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EXCLUSIVE INTERVIEW: Hand Of Fate Creative Director Morgan Jaffit

It’s not uncommon for the mechanics of a card or board game to make their way into a video game intact. But not many of those video games are as action-focused as Hand Of Fate, which Defiant Development are making for PCs, PlayStation 4, and, as they recently announced, Xbox One. But in talking to the game’s creative director, Morgan Jaffit, it seems there’s more to this game than what they’ve laid out on the table.

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First off, what kind of game is Hand Of Fate, and where did the original idea come from?

Hand of Fate is a deck building game where the player’s cards and decisions come to life as an action game. The original idea came as we were looking for interesting ways to randomize decisions in gameplay, and we settled on card game mechanics pretty early. From there, there were a whole bunch of exciting ways that we were able to tie card gameplay to action gameplay, and we just kept evolving those ideas as we developed the game further.

So it’s not based on song “Hand Of Fate” from The Rolling Stones’ 1976 album Black And Blue?

No, not Manos or Kyrandia. We’ve been asked those questions a few times. It’s just a perfect name for a game about cards, fortune telling, and fate.

And here I thought I was being clever. So what other video games do you think Hand Of Fate is similar to, and how do you think it’s different?

It’s got elements of Batman: Arkham Asylum and God Of War, mixed in with some mechanics that were inspired by such games as FTL or Binding Of Isaac.

But Hand Of Fate, as you said, also takes inspiration from some tabletop board games and card games. Which of those were the biggest influence on Hand Of Fate, and in what ways?

Dominion, which is a deck building game in which you build your deck as you play was a huge inspiration. Also storytelling games like Tales Of The Arabian Nights and card based fantasy like Talisman, along with some inspiration from games which broke the rules as you play like Cosmic Encounter.

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Hand Of Fate has its roots, obviously, in fantasy. And, as you know, all fantasy has to be influenced by The Lord Of The Rings. But what other books, movies, comics, games, and TV shows were an influence on the fantasy aspects of your game,?

I was raised on Tolkien’s offspring: books and games of the ’80s that drew from that well pretty deeply. If you look at the direct influences on Hand Of Fate, gamebooks — especially Fighting Fantasy and Grail Quest — feature pretty heavily, as do the early such CRPG’s as Ultima. The Dealer character is very much inspired by Ultima’s fortune teller.

Funding for Hand Of Fate was done through Kickstarter. How, if at all, did that impact the way you made the game, or how the game will ultimately turn out?

It basically encouraged us to make the game playable much earlier than we would have otherwise, which has been great. We put a build out every month and get feedback from our players, which has helped a lot in refining the game and making it as good as it can be.

One of the interesting things that you have added because you exceeded your initial Kickstarter goal is that you’re going to have an optional but hidden quest designed by David Goldfarb, who was the lead designer on Battlefield 3 and the game director on Payday 2. Why did you go to him as opposed to, say, Cliff Bleszinski (Gears Of War, Unreal Tournament), Vince Zampella (Call Of Duty, Titanfall), or Ted Price (Ratchet & Clank, Sunset Overdrive)?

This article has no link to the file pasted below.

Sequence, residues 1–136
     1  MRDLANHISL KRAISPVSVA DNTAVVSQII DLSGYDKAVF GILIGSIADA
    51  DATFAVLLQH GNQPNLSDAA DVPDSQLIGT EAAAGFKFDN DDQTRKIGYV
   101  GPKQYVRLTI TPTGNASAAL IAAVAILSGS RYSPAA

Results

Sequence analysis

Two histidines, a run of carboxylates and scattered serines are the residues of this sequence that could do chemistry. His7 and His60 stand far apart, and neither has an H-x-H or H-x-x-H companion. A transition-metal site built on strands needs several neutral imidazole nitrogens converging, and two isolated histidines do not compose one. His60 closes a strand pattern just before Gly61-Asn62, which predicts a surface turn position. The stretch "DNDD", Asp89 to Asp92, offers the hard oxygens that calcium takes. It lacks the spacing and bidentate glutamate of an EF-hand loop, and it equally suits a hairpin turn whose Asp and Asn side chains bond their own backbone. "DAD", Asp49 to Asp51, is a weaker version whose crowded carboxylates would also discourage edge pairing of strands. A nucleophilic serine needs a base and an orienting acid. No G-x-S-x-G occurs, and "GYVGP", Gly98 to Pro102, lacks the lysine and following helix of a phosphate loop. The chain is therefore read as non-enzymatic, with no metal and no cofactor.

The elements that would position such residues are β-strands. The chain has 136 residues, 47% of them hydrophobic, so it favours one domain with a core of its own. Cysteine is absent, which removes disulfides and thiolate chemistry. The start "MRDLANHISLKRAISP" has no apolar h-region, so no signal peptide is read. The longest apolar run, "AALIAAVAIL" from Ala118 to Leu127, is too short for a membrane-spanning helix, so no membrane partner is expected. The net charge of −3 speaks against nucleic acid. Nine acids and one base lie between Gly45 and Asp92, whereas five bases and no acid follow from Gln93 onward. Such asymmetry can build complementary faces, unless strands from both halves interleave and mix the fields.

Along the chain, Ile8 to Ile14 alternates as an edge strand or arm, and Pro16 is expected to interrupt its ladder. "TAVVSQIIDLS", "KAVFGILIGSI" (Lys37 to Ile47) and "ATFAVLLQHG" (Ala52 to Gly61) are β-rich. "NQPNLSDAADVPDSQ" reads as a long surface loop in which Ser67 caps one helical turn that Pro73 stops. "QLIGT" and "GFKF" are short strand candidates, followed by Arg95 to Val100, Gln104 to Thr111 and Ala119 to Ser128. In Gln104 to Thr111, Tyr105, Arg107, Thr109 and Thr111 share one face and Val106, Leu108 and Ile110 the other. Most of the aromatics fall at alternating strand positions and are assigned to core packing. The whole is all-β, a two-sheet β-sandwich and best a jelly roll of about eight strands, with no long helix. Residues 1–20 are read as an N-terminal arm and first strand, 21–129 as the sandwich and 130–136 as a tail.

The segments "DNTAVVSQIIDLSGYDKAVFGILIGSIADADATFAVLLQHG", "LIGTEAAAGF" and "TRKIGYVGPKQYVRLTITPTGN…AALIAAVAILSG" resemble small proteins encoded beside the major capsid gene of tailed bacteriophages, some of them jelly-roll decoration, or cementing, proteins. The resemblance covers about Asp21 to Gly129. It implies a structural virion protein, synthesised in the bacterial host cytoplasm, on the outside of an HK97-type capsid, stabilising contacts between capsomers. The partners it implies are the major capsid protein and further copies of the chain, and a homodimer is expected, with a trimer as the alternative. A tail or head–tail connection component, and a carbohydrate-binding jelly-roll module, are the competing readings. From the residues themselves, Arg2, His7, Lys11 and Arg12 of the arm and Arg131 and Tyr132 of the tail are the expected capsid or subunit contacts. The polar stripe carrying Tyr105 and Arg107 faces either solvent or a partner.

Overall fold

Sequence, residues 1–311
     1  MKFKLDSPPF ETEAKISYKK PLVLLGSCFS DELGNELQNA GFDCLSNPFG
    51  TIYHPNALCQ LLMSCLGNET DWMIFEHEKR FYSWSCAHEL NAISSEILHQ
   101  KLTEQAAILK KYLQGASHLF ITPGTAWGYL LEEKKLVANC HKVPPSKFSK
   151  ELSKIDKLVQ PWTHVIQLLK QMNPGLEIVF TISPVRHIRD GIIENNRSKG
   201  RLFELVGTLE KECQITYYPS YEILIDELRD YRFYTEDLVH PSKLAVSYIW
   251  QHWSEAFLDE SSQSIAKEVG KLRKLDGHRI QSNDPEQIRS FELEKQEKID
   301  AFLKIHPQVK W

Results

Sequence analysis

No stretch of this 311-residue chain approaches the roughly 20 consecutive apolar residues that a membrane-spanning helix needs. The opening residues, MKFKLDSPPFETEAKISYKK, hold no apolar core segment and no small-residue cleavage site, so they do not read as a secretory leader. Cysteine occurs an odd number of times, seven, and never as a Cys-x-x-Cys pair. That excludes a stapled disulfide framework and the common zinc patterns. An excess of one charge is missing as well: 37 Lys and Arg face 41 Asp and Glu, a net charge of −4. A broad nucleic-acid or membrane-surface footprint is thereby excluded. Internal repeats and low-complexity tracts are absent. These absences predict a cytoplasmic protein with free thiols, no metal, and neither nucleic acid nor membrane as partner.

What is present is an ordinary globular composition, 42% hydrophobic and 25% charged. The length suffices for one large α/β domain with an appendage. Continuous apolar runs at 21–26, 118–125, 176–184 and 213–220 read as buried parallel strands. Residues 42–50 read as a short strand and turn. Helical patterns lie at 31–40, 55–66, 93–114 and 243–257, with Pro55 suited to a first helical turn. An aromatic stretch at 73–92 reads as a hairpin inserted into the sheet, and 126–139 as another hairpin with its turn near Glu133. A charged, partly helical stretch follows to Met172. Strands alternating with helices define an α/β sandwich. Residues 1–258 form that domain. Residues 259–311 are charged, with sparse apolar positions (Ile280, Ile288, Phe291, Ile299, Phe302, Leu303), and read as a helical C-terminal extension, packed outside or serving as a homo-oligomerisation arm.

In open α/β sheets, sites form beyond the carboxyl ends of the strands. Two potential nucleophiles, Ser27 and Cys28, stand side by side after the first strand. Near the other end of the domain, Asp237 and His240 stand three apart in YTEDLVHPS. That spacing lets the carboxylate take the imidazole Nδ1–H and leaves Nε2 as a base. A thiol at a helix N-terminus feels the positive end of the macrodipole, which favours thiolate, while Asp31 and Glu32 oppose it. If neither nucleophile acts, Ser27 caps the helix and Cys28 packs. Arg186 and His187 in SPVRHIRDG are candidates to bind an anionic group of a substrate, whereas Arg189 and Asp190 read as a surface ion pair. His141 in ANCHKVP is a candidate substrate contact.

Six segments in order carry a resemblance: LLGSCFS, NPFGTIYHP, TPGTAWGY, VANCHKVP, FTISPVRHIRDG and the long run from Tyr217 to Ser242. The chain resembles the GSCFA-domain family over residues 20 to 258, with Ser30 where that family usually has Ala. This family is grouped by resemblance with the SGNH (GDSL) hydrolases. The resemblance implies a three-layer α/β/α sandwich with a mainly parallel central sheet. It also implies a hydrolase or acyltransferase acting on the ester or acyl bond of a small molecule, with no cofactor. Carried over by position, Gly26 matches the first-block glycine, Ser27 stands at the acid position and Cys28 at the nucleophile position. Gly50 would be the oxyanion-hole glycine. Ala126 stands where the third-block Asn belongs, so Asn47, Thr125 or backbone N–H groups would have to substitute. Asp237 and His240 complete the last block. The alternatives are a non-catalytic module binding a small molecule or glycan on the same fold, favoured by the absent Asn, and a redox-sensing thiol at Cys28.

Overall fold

David has been a sounding board for me for years, and I respect his opinion on games more than pretty much any other designer. So it comes down to personal relationships more than anything else. I have also always wanted to work with David, and this was a great chance to do that on a small scale.

When he turned in his ideas, did anything about it make you think you should’ve called him much earlier?

Oh, I did call him earlier. He’s offered some great feedback all the way from our pitch forward. I do think if we were lucky enough to have him on the team full time we would have built a very different game. David has an amazing eye for building narrative and gameplay in a way that draws in a very wide audience, so it would have been interesting to see what he did with it.

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Are there plans to reach out to other big-name developers? Cuz there aren’t any listed on your Kickstarter page.

I have some guests who I hope will develop some contributions. It’s always fun to see what other people do with the framework we’ve built.

It was recently announced that, along with the PC and PlayStation 4, there would also be a version of Hand Of Fate released on the Xbox One. How, if at all, will these versions be different?

Other than tying into the native resources there — achievements, trophies, etc. — we’re trying to offer the same experience to all of our players. We are in the middle of optimizations at the moment, and it’s going really well.

Since the PlayStation 4 and Xbox One versions of Hand Of Fate will obviously be played using a controller, is it safe to assume that the PC version will support controllers as well?

Absolutely. We’ve spent a lot of time getting our mouse and keyboard controls to be as solid as possible, but we built the game from the start with controllers in mind.

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Finally, Hand Of Fate is not the first game made by Defiant Development. If someone liked Hand Of Fate, which of your other games would you suggest they play next and why?

Probably Heroes Call, which is an action RPG for mobile/tablet. We built on a lot of the lessons we learned there to create Hand Of Fate.


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